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The current concept of ‘violent crime’ is outdated, racist, and a tool of white supremacy White people commit about as much crime as Black people, but do not face the same consequences. The problem lies within the very definition of violence.

We’ve all heard the stats: Black Americans are incarcerated at five times the rate of white Americans, and make up nearly 40% of the total prison population. But here’s a thing the internet racists won’t tell you: SPLC research shows that white people are just as likely to commit violent crimes as Black people.

So why are Black Americans being locked up at such alarmingly disproportionate rates? The answer lies in the current concept of “violent crime” and its roots in racism and white supremacy.

It’s time to face the uncomfortable truth: our criminal justice system is built on systemic racism, and even the very label of “violent crime” itself has become a tool for perpetuating it. The reality is that the current definition of violent crime is outdated and shaped by decades of racist policies, from the war on drugs to the “tough on crime” mentality. These policies have had a devastating impact on Black communities, leading to mass incarceration and tearing families apart.

White people have always had the power to define what is considered a crime, and what is considered violent. This means that the definition of violent crime can’t help but to be racist, as it has been shaped by the inherent anti-Black prejudices of white folks.

The double standard is stark: white people who commit violent crimes are often seen as misguided or having made a mistake, while Black people who do the same are labeled as dangerous and in need of punishment.

We must acknowledge the role that white supremacy has played in the very idea itself of “violent crime,” and undo as much of the damage as possible.

A path forward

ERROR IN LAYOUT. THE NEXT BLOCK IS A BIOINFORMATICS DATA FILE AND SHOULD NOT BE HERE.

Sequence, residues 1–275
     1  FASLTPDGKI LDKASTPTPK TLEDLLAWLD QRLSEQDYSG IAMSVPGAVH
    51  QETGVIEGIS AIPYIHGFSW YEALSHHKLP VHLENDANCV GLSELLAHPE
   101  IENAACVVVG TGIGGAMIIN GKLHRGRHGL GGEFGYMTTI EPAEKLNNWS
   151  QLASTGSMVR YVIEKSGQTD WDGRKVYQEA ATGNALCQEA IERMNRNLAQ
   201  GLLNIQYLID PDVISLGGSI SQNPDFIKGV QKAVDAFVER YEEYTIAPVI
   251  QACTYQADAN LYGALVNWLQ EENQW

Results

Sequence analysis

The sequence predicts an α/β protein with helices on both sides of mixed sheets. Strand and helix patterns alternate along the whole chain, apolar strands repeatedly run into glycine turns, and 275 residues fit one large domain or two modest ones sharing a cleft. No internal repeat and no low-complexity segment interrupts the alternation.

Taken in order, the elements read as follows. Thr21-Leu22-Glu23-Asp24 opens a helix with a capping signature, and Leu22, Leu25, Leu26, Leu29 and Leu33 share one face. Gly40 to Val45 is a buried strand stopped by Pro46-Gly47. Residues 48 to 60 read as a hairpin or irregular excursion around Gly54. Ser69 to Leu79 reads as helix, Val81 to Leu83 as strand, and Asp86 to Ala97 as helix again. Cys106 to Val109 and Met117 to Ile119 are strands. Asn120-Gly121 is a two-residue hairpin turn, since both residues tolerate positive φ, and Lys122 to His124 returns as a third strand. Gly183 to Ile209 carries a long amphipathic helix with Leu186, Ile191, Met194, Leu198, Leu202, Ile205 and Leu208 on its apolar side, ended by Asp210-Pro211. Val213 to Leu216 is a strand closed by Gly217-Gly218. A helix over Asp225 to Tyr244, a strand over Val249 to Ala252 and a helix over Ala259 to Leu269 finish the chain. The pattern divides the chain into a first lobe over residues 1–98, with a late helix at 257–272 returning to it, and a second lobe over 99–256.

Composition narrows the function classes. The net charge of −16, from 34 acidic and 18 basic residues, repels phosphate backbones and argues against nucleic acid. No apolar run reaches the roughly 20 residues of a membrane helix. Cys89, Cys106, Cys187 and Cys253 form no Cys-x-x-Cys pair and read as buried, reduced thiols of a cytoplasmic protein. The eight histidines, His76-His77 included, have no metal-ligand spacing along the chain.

Since the very concept of violent crime is based on a Eurocentric perspective, it does not take into account the cultural differences and experiences of non-white communities. For example, some indigenous cultures may have different ways of resolving conflicts that do not involve severe levels of physical violence, but may still be considered violent by the current definition used in criminal justice. The same goes for trans folks, and Black folks in urban communities.

One of the solutions to the problem of violent crime therefore is to make culture and community kinship a core consideration at the root of its definition. This would help us avoid stigmatizing and criminalizing behaviors that are acceptable within certain cultures, and instead focus on addressing the root causes of violence.

Tossing out white supremacist language and white supremacist one-size-fits-all approaches will go a long way to nurture a nuanced and kind criminal justice system, and alleviate the many racial disparities therein. And it needs to happen sooner rather than later.

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PS. The A Black Woman Is Speaking mug is a standing invitation to sit down, shut up, and engage in the wisdom shared by Black women. Lord knows the world needs it right now.

1 thought on “<span class="entry-title-primary">The current concept of ‘violent crime’ is outdated, racist, and a tool of white supremacy</span> <span class="entry-subtitle">White people commit about as much crime as Black people, but do not face the same consequences. The problem lies within the very definition of violence.</span>”

  1. It’s a shame our judiciary do not have the cojones of European courts, who already take culture into account (often to the chagrin of racists ;). But we’re working on these frameworks at the academic level and I expect much good to come of it when more white American judges age out.


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